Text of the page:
Roger and Al- I like the big box stores, too. However, when we had Goodman’s, a medium home depot store, it did not survive. There are too many small stores which would have to compete and usually the big box corporate culture undercuts them, which causes these small town stores to lose money and to disappear. Our Novato stores, which will feel the hit, are Pini, Sloat and Anderson Nursery, Novato Lumber, Marin Landscape, Tresch Galeria, Empire Carpet, Novato Glass, and any other small business that support Novato’s small, rural, agricultural, suburban town and ambiance. I think it would be a wash to have a big box built. Think of the money we would save by not having it, which could be placed into the unfunded liability pension fund. How? We could reduce the community development funding by $ 500,000 and still get a lovely Redwood Corridor development that complements our small businesses. Furthermore, the big box focus is pushed by the developers who are not willing to wait for a small town plan and want to build the 70-100 units in the area with no setbacks and less parking. They are lobbying the city staff and council for a hurry-up and build it, crowd it in plan to urbanize Novato. I disagree with that approach. The approach and discussion detracts from the Mission Lodge new proposed 6 story – 60+ units to be built over the frontage road cutting redwood trees, no setbacks, with a design that needs to be re-evaluated. This is an entrance to Novato. Close by there is a plan for a new bus hub, which is supposedly being designed with fewer trees, no concern for the unsafe crosswalk across from Peet’s . Again, these are urbanizing measures for Novato – high density and less parking costing in the long run more taxes for local residents. Novato wants to celebrate its small town charm with a birthday bash- but the above plans do not do that.
Mark Burnham January 15, 2014 at 05:45 PM
Rem thanks for the great first article here. Keep 'em coming. One suggestion, both the real estate brokers you spoke to seemed to tread carefully. Both of them indicated that it was "the city" that was "enthusiastic" and that this is "what the city wanted to see". If you read between the lines does it seem like the real estate professionals were "enthusiastic" about it? Or rather are they biting their tongue and thinking "the city council is made up of fools"? I would focus on digging a little deeper with the commercial real estate community and developers as to whether the city's ideas and their focus groups actually jibe with the real world realities of what tenants are looking for and the city's wish list. I bet you will find a large divide between the reality of who would actually come to Novato and open shop and the city/focus groups vision of what should be there. The city spins their wheels and wastes years of time with this stuff. Get down to the nitty gritty in your next piece and beyond. Thanks for your focus.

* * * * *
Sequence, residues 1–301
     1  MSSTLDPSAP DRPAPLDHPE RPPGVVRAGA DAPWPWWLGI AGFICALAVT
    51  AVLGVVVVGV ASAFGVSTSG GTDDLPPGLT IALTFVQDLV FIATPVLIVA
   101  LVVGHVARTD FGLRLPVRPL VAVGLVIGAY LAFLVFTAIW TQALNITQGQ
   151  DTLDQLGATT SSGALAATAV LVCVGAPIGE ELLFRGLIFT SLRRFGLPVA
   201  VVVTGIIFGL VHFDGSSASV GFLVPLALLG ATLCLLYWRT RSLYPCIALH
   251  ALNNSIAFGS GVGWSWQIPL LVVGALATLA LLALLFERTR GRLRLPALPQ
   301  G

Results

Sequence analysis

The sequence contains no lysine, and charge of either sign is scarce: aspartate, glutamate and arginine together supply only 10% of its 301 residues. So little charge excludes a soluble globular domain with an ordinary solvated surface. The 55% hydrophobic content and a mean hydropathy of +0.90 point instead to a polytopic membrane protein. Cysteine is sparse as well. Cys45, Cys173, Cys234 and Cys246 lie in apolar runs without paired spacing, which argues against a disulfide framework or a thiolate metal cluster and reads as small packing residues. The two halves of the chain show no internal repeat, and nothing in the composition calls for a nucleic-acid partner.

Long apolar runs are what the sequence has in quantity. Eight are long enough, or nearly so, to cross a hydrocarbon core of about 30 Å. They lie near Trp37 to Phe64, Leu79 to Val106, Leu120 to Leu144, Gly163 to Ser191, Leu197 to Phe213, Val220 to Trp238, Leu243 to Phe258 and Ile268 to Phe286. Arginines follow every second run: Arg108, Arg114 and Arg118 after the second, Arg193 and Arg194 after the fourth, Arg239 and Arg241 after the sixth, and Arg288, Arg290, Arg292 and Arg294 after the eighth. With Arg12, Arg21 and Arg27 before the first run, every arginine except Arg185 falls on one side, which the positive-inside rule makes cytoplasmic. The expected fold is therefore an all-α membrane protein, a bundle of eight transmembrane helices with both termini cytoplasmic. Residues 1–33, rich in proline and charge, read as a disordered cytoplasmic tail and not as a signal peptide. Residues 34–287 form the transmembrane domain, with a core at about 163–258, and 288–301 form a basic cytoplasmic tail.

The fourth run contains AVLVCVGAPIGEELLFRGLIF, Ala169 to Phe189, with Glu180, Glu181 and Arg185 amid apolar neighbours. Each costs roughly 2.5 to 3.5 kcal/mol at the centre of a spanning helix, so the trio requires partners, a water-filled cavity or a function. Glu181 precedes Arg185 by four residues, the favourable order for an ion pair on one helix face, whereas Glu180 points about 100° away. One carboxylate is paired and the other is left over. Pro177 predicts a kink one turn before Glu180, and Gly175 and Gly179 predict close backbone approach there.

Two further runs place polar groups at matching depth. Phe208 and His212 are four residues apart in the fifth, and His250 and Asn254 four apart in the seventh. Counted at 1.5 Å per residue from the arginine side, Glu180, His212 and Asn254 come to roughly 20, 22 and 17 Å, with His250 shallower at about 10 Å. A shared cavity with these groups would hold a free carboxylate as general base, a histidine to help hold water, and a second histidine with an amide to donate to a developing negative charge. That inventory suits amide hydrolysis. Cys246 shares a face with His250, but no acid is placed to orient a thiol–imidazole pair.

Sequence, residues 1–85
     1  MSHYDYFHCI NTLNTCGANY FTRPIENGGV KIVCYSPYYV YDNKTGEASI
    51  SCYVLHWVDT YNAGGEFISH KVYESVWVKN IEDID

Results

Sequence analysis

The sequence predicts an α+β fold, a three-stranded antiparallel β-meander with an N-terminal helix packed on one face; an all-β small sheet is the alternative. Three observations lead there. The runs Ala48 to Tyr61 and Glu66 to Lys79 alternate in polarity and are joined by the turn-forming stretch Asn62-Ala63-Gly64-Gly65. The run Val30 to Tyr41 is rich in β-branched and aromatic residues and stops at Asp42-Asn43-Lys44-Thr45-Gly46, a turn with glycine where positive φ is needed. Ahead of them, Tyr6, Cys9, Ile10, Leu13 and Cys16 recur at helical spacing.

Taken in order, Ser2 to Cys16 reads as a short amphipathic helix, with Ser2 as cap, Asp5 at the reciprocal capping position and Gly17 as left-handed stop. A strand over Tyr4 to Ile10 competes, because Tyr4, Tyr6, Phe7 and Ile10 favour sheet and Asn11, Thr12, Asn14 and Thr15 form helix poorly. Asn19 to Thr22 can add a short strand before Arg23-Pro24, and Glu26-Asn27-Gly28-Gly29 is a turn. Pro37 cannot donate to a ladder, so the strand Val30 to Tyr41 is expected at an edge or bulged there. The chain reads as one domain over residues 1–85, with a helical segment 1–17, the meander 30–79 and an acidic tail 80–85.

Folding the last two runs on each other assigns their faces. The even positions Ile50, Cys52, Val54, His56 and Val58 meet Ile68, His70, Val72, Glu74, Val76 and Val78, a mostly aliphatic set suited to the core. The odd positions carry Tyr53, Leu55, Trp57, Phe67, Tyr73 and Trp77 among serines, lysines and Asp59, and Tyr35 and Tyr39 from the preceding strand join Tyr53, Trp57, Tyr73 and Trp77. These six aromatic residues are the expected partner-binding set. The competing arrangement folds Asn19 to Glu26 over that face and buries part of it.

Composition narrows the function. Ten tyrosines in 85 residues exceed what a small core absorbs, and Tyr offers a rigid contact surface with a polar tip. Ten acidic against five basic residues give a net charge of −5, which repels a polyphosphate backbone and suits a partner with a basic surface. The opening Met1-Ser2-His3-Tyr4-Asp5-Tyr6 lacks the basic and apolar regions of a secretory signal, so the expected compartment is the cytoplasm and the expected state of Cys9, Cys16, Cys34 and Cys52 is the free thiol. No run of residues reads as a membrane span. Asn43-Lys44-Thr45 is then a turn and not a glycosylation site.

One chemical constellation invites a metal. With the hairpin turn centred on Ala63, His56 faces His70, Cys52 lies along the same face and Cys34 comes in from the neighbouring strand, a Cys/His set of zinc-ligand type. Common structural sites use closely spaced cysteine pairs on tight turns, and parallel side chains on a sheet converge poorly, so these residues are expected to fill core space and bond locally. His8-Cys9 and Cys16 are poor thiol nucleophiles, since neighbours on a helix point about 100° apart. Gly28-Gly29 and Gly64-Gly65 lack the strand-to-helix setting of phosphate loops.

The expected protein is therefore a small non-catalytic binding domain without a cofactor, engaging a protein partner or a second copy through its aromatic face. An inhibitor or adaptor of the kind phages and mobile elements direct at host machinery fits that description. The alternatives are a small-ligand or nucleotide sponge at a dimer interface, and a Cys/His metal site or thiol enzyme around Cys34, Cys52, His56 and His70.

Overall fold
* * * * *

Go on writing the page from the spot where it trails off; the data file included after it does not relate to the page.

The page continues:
Tahoe 55 January 15, 2014 at 07:47 PM
My daughter and I would love to see a book store. We have been without for far too long. Copperfield's would be great!
Roger January 15, 2014 at 09:18 PM
Our citizens drive to San Rafael or Petaluma to buy appliances. Novato loses lots of sales tax revenue. Novato Mothers got TJs to come here. Perhaps they can convince Martin & Harris to open a store near TJs. Not many Novatoans drive outside to get groceries, so why build Sprouts here?
Al Nymous January 15, 2014 at 09:56 PM
how about tattoo shops and stripper clubs? Redwood can be the red light district.
novato 3per January 15, 2014 at 10:27 PM
Pini Hardware's prices are ridiculous (2X the price of a bag of cement at home depot, for example) and so I'd welcome some price competition, also better selection. Novato Builder's supply is also more expensive, and depending on who you deal with, not always friendly to part time do it yourselfers. I for one would welcome a Friedman's here, and I'd also like to see Novato feed and supply stay right where it is. Also, can we get a gun and hunting , possibly fishing store in downtown? I decided long ago not to go back to the one gun dealer in the city due to the bad attitude I received, so I currently take my business to B2 Enterprises in Cotati - 7950 Redwood Dr #6, Cotati, CA 94931 - good folks. Sports Authority doesn't really cut it for serious fishermen / hunters.